Silk-Based Blood Sample Stabilization for Prostate Cancer Diagnostics

Period of Performance: 02/05/2016 - 07/31/2016


Phase 1 SBIR

Recipient Firm

Vaxess Technologies, Inc.
Principal Investigator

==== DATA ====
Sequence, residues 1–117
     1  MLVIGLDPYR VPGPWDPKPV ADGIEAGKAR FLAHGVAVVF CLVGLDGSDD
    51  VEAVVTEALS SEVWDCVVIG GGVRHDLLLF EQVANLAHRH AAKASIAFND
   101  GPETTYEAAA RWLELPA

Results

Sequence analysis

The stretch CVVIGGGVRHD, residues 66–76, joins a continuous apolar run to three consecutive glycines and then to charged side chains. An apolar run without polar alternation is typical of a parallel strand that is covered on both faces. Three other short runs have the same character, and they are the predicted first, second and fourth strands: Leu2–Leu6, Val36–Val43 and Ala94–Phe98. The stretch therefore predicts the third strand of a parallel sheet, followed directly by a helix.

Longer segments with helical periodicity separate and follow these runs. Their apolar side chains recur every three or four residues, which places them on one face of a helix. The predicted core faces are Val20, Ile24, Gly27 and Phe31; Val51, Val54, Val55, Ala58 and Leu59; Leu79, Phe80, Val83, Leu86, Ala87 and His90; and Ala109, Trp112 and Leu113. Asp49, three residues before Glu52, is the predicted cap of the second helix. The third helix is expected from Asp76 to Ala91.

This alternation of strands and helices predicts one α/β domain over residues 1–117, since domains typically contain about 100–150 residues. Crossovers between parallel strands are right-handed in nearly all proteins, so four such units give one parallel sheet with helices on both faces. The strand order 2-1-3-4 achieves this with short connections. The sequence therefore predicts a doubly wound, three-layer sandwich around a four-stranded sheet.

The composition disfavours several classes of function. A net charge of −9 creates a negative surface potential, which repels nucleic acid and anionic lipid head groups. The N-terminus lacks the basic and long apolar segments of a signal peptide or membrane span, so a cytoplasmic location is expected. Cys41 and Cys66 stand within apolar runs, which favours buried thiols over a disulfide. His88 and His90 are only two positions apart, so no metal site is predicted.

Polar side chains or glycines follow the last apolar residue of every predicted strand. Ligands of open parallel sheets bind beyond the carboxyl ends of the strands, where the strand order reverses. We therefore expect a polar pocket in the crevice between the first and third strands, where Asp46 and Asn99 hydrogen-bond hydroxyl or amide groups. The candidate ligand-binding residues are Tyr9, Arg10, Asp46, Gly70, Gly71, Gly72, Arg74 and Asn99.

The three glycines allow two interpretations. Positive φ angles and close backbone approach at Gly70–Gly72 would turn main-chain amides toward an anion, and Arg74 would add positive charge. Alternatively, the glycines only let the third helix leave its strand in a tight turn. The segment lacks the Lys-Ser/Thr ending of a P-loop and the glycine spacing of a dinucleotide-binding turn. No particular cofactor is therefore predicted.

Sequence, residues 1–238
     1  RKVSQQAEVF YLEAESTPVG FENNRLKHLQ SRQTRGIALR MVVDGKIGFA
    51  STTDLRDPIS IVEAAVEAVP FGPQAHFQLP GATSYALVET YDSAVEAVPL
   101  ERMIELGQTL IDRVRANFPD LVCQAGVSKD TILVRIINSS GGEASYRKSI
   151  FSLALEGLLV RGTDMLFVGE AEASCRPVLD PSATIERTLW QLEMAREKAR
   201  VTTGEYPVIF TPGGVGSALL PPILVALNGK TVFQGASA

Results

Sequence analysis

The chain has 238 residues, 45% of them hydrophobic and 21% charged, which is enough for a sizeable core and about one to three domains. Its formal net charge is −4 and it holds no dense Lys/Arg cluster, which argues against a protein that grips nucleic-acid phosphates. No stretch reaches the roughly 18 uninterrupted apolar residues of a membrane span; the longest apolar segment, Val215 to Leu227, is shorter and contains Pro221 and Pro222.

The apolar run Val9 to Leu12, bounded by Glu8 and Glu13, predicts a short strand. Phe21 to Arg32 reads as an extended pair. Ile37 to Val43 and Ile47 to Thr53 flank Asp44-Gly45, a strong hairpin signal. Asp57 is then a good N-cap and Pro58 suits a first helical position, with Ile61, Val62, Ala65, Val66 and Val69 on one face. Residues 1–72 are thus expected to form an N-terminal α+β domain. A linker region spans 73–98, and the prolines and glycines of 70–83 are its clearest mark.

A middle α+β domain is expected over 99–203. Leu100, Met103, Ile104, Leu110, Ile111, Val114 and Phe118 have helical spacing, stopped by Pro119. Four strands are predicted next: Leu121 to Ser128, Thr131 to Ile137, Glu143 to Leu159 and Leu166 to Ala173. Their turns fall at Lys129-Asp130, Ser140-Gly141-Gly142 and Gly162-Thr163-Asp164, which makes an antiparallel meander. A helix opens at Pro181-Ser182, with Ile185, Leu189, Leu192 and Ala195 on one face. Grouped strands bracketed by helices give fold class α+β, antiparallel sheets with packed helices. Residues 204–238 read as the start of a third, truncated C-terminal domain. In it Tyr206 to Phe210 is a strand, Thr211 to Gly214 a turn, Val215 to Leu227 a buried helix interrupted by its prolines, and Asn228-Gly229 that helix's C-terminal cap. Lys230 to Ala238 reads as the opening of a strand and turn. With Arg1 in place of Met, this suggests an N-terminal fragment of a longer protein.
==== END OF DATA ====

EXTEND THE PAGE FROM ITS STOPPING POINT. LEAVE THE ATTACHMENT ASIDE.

? DESCRIPTION (provided by applicant) There is a critical need for a blood sample preparation and processing method that can preserve integrity and improve downstream analysis, while being completely free of cold storage requirements. Such a technology would allow clinicians and patients to collect blood samples for cancer screening, monitoring and/or diagnosis comfortably from patient's homes, obviating the need for outpatient lab visits. Vaxess Technologies is developing a set of biomaterial-based approaches that improves the stability of a wide range of samples using a novel silk protein matrix. The objective of this proposal is to characterize the ability of a silk matrix to stabilize a panel of metabolomic prostate cancer biomarkers in a blood sample. The enhanced performance of silk- based protection will be compared to other similar methods (dried blood spot (DBS) cards) and the gold standard (frozen storage). We anticipate that the use of silk will allow for minimally- or non-invasive sample collection routes, and will provide comparable analyte retention to the current gold standard, frozen storage, while improving recovery as compared to commercially-available DBS cards. Vaxess has extensive preliminary data demonstrating the use of silk to stabilize antibodies, plasma proteins and nucleic acids from complex fluids such as whole blood, plasma, serum, and saliva. We anticipate being able to do the same with blood analytes, as proposed here. In the first aim, we will form serum-laden silk matrices and quantitate metabolomic prostate cancer marker levels. This will be accomplished by using mass spectrometry to measure analyte recovery from silk matrices and comparing the yields directly to frozen controls or DBS cards. Modifications of silk molecular weight and its net charge can systematically change proteomic interactions, and thus provides a route to study the mechanistic underpinnings of silk stabilization in the context of sample recovery. In a second aim, we will compare the stability of markers identified in Aim 1 to frozen control samples and DBS cards when all have been treated at various temperatures and humidity levels. The expected outcome of these studies will be the development of a silk-based sample preparation method for cancer-specific analytes that will improve downstream sample processing. The rationale for the proposed research is that, once recovery and stability of these biomarkers is proven to be augmented by a silk encapsulate, diagnostic kits can be outfitted with various silk formats, which can then be used as a platform system for full validation in follow-on studies. Success with the planned approach can positively impact many areas of need in the field of cancer diagnostics, including early detection, screening, and clinical diagnosis, by increasing overall access to precise analytics and by reducing pre-analytical variations that affect sample quality. Furthermore, by offering methods to interface with finger-prick volumes of whole blood, a silk-based stabilization system could be used without a phlebotomist and thus circumvent the resource requirements of the outpatient clinic.